Snaffle. The only time I reverted to a tom thumb was when I was 14, stupid and given a runaway horse to train. It worked in getting her to stop, but it sure took me a lot longer to soften her mouth up again afterwards and have her go nicely in a snaffle.
Right now I'm riding my almost 3 year old Paint filly in a loose ring french link snaffle. She seems to love it. We've worked on whoa on the ground and whoa in the saddle. It was one of the first things she learned. I ride her mostly on a loose rein, and I can darn near pull a sliding stop out of her just by sitting deep, and saying "whoa". I don't need the reins at all to stop her. That is the type of horse that becomes a candidate for a curb - a horse that can be ridden on a completely loose rein and barely needs the bit to communicate. The curb offers refinement in the showring, so that a twitch of the rein is all that is needed as reminder.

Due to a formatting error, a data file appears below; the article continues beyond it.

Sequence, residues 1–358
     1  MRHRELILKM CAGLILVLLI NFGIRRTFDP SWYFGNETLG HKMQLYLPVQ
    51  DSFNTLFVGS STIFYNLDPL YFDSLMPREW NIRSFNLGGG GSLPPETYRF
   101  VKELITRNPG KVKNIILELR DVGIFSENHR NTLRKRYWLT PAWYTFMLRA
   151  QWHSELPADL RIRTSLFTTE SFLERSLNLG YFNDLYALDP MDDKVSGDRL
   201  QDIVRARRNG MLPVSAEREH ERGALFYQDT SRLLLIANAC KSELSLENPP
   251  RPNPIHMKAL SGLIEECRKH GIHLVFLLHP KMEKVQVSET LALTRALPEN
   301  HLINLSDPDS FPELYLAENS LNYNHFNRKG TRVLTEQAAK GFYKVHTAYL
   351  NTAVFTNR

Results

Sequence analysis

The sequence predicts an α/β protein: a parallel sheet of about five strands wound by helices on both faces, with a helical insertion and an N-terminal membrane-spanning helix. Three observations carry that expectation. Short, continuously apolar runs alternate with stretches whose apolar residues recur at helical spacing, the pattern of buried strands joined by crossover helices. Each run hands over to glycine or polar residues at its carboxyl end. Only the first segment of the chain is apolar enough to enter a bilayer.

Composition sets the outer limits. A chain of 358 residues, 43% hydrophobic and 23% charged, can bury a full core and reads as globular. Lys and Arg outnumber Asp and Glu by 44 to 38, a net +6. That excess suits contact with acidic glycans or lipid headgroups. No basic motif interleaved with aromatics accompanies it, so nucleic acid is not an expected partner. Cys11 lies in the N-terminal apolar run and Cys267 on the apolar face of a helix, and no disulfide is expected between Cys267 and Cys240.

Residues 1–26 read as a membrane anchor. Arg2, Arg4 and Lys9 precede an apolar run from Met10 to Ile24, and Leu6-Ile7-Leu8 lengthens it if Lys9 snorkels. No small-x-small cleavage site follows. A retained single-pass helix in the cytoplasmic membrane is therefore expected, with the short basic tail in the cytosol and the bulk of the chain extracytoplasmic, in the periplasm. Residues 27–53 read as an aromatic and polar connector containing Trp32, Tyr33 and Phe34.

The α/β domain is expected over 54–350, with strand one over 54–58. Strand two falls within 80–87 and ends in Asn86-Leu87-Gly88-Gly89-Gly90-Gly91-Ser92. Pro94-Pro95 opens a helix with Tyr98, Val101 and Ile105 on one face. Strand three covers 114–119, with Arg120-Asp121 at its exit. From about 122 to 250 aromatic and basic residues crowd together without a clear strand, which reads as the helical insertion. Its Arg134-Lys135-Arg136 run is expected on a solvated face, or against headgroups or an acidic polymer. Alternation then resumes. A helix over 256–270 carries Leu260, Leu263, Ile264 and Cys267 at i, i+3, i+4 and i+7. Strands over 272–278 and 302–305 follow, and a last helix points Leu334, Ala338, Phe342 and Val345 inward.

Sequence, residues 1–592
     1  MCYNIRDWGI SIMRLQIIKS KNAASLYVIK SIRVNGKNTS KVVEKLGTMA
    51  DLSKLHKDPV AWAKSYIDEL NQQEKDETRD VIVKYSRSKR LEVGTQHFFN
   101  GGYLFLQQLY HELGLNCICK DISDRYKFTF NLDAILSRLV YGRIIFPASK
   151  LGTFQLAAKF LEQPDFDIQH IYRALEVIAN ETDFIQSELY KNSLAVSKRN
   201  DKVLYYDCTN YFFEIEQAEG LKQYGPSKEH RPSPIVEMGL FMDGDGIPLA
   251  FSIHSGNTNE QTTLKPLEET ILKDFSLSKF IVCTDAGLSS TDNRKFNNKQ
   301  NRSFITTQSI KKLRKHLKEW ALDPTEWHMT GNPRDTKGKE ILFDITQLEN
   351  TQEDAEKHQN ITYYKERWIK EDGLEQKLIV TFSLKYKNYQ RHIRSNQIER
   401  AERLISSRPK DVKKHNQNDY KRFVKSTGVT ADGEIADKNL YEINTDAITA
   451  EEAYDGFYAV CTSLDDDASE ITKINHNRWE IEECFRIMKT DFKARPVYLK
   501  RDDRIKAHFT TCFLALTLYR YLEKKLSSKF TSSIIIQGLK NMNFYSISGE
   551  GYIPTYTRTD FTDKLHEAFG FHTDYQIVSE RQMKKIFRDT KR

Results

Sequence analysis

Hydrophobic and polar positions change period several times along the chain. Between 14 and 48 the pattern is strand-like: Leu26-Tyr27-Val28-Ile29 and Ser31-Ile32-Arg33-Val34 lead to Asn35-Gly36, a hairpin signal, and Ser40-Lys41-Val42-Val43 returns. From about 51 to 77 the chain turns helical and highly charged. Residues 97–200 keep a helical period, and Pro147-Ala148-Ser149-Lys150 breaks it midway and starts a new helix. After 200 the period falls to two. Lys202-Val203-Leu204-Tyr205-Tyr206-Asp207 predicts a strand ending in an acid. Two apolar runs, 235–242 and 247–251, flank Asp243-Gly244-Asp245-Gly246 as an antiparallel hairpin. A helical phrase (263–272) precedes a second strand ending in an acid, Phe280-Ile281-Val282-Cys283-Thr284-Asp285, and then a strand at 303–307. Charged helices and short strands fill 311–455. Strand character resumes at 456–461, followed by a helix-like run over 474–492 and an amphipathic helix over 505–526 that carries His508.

I believe it should be mandatory for all snaffle horses to be ridden in a specific pattern without any bridle before being moved up to a curb. Only when you can control them with virtually no headgear should you actually move up to a more refined bit. I hate the term harsh, because the entire point behind the bit is to NOT be harsh. A curb is not a training device, it's a finishing device.